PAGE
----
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5. How does OpenSNP fit into the discussion of privacy and consent for data sharing?

In a way openSNP is an experiment on genomic privacy and data sharing. By design, data uploaded to openSNP is publicly available without any restrictions: it goes (or is released) into the public domain. This means, for example, that there are no restrictions to re-identification. With regard to the open-closed dimension, openSNP sets an example for extreme openness.

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6. Have you received any negative response?

Initially many people are taken aback when they hear about openSNP and how the data is made available for everyone. Which we totally understand, it’s certainly not for everyone. But so far we haven’t gotten any negative responses by actual users who have published their data.

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7. How do you explain privacy issues to general public who might use your platform?

I like to say that openSNP‘s Terms of Service are human-readable, not only lawyer-readable, to keep in line with the Creative Commons-spirit. When people are signing up we present them the possible consequences of sharing data with the whole world, for example losing health insurance, employment and so on. We also try to make clear that genetic knowledge isn’t static and new implications for someone’s data set might occur after they uploaded it. After all: one reason for sharing data is to generate new knowledge. So basically, our strategy is to scare away everyone who’s not 100% convinced that sharing will work for them.Color paint splashes. Gradient vector background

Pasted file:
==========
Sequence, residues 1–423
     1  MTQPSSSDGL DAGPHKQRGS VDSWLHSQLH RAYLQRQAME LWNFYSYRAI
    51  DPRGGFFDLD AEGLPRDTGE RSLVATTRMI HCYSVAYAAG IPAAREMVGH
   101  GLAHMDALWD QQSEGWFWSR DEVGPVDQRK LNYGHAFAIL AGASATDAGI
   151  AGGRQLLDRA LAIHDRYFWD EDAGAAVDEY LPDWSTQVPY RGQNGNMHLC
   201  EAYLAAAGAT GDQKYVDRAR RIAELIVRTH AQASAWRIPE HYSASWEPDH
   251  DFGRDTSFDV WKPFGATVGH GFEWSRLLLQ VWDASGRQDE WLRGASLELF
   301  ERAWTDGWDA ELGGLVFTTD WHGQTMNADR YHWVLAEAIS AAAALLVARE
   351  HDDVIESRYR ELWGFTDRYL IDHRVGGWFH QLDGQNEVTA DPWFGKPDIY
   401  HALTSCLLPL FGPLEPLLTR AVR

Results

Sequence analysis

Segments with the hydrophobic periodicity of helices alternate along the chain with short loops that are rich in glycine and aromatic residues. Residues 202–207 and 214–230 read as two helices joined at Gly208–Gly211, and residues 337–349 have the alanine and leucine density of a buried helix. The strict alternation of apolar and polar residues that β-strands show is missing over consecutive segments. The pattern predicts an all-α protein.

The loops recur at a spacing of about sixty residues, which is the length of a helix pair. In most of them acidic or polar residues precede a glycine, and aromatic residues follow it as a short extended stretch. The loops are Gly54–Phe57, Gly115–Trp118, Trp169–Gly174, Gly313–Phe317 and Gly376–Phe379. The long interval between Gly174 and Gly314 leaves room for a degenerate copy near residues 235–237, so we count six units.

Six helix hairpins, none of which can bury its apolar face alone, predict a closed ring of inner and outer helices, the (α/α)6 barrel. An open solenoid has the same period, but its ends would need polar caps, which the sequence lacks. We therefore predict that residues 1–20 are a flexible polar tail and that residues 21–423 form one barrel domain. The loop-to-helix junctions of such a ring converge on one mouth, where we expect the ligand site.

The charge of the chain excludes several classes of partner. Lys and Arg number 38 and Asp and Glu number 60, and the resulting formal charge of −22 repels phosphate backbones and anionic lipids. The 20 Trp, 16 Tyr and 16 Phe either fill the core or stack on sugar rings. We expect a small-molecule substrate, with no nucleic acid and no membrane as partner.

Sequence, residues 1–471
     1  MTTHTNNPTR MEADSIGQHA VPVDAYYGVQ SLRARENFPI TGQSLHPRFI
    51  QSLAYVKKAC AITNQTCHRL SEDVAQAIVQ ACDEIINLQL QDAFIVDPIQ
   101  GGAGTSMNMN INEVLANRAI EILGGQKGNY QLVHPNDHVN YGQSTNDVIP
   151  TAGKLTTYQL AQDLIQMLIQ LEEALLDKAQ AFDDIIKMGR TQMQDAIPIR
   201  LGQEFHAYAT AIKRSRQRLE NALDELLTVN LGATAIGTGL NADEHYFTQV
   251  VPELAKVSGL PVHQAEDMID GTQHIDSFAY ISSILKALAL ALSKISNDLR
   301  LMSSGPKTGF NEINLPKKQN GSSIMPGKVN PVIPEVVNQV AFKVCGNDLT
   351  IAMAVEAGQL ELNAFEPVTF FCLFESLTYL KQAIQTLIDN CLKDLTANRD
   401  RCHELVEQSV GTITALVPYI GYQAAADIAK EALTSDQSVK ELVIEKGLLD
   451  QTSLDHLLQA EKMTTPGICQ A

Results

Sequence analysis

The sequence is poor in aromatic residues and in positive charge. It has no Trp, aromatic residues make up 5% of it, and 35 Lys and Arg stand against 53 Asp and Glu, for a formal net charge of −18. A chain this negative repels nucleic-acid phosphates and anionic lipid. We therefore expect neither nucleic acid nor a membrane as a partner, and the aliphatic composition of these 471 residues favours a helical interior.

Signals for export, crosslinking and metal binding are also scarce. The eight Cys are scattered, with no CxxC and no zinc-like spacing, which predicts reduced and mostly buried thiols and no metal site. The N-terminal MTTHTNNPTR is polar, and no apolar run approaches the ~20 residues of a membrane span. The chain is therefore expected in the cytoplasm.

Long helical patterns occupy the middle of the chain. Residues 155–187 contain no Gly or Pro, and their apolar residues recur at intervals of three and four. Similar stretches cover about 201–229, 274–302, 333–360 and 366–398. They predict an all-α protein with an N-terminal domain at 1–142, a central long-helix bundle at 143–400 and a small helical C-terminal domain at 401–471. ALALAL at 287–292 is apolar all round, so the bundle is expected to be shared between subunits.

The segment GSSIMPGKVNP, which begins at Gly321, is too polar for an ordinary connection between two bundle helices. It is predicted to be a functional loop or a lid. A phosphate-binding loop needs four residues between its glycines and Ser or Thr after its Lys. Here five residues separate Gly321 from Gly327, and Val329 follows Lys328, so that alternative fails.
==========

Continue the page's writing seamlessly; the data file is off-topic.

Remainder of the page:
8. What are your current challenges in running OpenSNP?

Our largest challenge right now is to keep the infrastructure up and running. With the amount of data hosted on openSNP growing virtually every day, we will have to upgrade our servers rather sooner than later. This is why we hope that some people would like to chip in for those growing hosting costs and to support our Patreon campaign I mentioned earlierColor paint splashes. Gradient vector background

9. What will be the future of OpenSNP?

Hopefully openSNP will continue to grow at the current pace, even if it gives us some headaches from time to time. We also hope to add support for more data types – genetic and phenotypic – to make the whole platform even more useful.

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If you want to read more about Bastian Greshake and openSNP, you can read his research article openSNP-A Crowdsourced Web Resource for Personal Genomics 

Are you part of a project that facilitates data sharing for genomics research? 

Would you like to be featured on our blog? 

We would love to hear from you. Drop us an email at info@dnadigest.org or use our contact page to get in touch.

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2 Responses

  1. December 1, 2015

    […] these initiatives, and those who contribute their own data to them (see for example  DNAland, OpenSNP, Genes for Good which are all  initiatives aiming at data sharing for public benefit) are pioneers […]

  2. December 22, 2015

    […] by showcasing how ‘data sharing’ can help researchers advance in their careers. Read more . . […]